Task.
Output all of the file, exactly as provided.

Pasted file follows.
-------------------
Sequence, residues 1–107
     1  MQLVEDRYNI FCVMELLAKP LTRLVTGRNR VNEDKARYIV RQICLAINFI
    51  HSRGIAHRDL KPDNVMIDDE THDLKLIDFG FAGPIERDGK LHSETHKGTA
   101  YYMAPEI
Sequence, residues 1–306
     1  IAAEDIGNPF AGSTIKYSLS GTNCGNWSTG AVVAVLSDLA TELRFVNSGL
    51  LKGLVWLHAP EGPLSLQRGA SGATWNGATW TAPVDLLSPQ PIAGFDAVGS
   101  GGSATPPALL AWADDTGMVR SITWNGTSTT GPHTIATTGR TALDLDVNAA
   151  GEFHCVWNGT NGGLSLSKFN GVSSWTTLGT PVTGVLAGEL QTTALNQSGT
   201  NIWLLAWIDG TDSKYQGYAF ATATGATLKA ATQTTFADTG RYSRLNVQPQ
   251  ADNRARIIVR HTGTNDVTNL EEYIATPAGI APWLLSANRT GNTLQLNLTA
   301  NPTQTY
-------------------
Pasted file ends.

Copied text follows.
Sequence, residues 1–107
     1  MQLVEDRYNI FCVMELLAKP LTRLVTGRNR VNEDKARYIV RQICLAINFI
    51  HSRGIAHRDL KPDNVMIDDE THDLKLIDFG FAGPIERDGK LHSETHKGTA
   101  YYMAPEI
Sequence, residues 1–306
     1  IAAEDIGNPF AGSTIKYSLS GTNCGNWSTG AVVAVLSDLA TELRFVNSGL
    51  LKGLVWLHAP EGPLSLQRGA SGATWNGATW TAPVDLLSPQ PIAGFDAVGS
   101  GGSATPPALL AWADDTGMVR SITWNGTSTT GPHTIATTGR TALDLDVNAA
   151  GEFHCVWNGT NGGLSLSKFN GVSSWTTLGT PVTGVLAGEL QTTALNQSGT
   201  NIWLLAWIDG TDSKYQGYAF ATATGATLKA ATQTTFADTG RYSRLNVQPQ
   251  ADNRARIIVR HTGTNDVTNL EEYIATPAGI APWLLSANRT GNTLQLNLTA
   301  NPTQTY